Thursday, 7th December 2023

Moss rose

By Sereba Agiobu-Kemmer
19 August 2017   |   3:44 am
Portulaca belongs to the Purslane family (Portulacaceae), a small family of 40-100 species including the genus Portulaca grandiflora. Portulaca plants have their origin in tropical South America.

Portulaca is one of my favorite flowers and could be the best blooming plant of all time. The flowering plants are splendors in the sunny garden.
Portulaca is a truly lovely and tough low growing ground cover flowering plant. Portulaca is excellent for high heat, drought tolerance and poor.soil The succulent cylindrical leaves are clues to the portulaca flower moisture retaining qualities of this low growing plant and a succulent, which means that it stores water in its leaves and stems to use when it gets thirsty. Portulaaca is drought tolerant flowering plant plant bearing splasches of colorful blooms in hot dry climates. Both annuals and perennials are grown commercially for the home garden.

Portulaca belongs to the Purslane family (Portulacaceae), a small family of 40-100 species including the genus Portulaca grandiflora. Portulaca plants have their origin in tropical South America. Though native to countries such as Brazil, Argentina, Uruguay, they have spread to all tropical and subtropical regions of the globe. Portulaca flowers are easy to grow and enjoy. It is a low maintenance plant and thrives in poor soil. If you don’t like the idea of watering your garden plants often, you should consider Portulaca. It thrives on neglect, and you’ll look like a professional gardener and get compliments from the neighbours too on their beauty, as these plants keep on blooming all year with gorgeous array of bright eye-catching colors. You may not need to fertilize this plant as it thrives in poorer soils and is not bothered by any serious pests.

Portulaca (moss rose, rose moss, sun rose, eleven o’clock flower), grows as much as 6 inches tall, and spread as much as 14 inches to create a dense mat, making the plant a good ground cover. Many varieties have single-petal or semi-double to fully double flowers that resemble miniature roses. Flowers come in sunny colours of red, yellow, orange, deep lavender, bright pink, white, and variegated in yellow and red or yellow and rose, variegated, speckled petals, some of the new hybrids have petals with edges in contrasting colors. Portulaca is covered withy many large flowers to form a cheerful ground cover or trailing plant. They add color and bloom throughout the year.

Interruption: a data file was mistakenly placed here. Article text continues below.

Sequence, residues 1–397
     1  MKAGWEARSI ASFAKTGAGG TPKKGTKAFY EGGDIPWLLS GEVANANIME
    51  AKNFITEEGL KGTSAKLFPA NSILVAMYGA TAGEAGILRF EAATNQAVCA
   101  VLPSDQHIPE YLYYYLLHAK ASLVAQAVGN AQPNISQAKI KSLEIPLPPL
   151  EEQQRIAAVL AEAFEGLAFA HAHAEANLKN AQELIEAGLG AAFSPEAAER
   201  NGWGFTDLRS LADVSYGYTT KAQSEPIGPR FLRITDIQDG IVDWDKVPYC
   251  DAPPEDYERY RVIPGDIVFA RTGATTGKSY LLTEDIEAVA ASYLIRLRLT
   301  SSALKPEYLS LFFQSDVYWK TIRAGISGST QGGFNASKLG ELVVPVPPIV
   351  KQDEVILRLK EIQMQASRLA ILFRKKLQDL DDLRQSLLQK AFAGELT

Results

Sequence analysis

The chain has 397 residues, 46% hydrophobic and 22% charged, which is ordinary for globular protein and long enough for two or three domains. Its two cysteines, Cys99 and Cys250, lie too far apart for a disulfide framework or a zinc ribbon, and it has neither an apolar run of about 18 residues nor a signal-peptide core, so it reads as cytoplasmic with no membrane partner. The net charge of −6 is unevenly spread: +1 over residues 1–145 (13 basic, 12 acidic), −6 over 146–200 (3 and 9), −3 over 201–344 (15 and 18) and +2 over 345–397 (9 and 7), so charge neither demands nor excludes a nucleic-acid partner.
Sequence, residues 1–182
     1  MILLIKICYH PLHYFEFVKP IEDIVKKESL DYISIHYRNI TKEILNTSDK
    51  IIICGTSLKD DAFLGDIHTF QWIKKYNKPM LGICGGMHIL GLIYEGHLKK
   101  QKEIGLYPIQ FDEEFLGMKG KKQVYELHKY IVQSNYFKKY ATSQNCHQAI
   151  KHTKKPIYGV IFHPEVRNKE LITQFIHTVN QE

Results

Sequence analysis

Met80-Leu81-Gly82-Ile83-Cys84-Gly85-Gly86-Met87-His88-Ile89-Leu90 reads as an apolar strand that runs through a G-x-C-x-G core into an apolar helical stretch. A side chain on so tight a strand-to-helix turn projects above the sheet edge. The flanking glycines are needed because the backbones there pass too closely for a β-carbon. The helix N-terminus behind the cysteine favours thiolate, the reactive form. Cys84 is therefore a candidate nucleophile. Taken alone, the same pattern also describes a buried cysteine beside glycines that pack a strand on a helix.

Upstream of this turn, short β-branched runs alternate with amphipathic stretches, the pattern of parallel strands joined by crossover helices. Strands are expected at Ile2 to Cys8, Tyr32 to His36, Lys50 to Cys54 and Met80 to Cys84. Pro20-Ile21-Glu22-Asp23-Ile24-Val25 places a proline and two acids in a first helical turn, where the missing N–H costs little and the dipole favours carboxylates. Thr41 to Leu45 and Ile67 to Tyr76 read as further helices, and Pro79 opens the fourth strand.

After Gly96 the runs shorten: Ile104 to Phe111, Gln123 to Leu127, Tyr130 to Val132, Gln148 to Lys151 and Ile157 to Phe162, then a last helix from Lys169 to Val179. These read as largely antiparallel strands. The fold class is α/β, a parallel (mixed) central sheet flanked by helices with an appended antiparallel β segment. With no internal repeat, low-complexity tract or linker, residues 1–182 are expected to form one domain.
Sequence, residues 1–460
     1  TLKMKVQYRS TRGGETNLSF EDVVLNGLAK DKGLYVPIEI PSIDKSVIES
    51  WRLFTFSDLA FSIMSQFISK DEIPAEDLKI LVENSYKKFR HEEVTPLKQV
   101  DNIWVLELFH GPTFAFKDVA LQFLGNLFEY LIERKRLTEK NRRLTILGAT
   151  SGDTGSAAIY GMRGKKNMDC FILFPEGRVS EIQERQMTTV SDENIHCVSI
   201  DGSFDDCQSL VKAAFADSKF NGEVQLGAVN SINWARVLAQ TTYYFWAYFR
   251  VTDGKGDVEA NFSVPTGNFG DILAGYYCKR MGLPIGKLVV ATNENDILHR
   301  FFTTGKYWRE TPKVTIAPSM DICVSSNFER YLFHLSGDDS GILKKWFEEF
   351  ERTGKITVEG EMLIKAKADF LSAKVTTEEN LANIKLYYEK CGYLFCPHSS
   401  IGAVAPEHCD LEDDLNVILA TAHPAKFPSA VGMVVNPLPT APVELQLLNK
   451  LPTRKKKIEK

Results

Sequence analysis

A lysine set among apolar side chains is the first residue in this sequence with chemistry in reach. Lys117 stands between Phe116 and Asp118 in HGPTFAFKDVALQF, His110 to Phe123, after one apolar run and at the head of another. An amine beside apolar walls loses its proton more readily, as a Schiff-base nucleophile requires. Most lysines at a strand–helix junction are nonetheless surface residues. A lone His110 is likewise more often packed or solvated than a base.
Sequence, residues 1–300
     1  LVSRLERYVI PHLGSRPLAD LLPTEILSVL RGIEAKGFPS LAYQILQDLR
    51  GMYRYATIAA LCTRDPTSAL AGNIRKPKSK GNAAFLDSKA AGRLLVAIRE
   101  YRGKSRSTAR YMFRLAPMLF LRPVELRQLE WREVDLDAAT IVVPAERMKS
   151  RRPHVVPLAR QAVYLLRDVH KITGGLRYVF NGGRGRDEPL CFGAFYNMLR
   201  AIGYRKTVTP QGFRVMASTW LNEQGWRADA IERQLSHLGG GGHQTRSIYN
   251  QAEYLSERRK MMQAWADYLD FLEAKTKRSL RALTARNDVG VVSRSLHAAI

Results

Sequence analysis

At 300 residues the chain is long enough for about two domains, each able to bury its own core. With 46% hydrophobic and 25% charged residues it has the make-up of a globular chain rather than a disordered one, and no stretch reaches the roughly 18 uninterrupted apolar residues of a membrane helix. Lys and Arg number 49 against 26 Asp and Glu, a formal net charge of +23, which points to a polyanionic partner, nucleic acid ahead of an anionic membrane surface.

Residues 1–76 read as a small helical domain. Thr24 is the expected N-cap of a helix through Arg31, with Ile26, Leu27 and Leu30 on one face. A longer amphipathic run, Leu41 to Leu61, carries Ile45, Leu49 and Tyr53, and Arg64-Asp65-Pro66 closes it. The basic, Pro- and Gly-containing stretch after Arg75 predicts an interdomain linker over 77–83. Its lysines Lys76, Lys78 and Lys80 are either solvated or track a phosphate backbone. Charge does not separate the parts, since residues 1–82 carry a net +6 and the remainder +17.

Portulaca need six to eight hours of full sun to reach their potential. If you even try to grow portulacas in a shady area, they will sulk and close up their flowers. You will notice the flowers close at night and on cloudy days. Portulaca are known as flowers that need sunlight to open, so they close in the evenings and on cloudy days. This happens more with the single-petals than it does with the double-petals varieties.

When planting portulaca seeds, take care not to over sow or cover the seeds which are as small as pepper flakes, and, if covered only lightly as they need the sunlight to sprout and grow, so grow in full sun, the sunnier the better. The seeds take about two weeks to germinate in warm temperature of 75-85 degrees Fahrenheit. Plants also self-seed generously, but not invasively unlike wild form purslane which can be invasive.

Grow from seed. Portulaca plants are prolific re-seeders, so make sure to plant them where they can reseed and grow year after year. Propagation can also be cuttings from established plants. Ideal plant spacing is 8-10 inches.

Plants also prefer full sun and thrive in hot dry weather and will not wilt since they are succulents. They need 6-8 hours of sunlight grow. Sun, heat and dry weather bring the best out of this plant.

Portulacas demand well-drained soil. Although tolerant of many kinds of soil, if your soil is mostly clay, you should grow your portulacas in containers or raised beds rather than try to turn the clay into the sandy, rocky soil that these plants love. This plant not only grows vigorously in sandy soil but also is salt tolerant making it a fine choice for coastal areas. Portulacas prefer loose sandy or loamy and poor soils.
A well-draining composition is important. Portulaca flowers are better in poor soil than rich.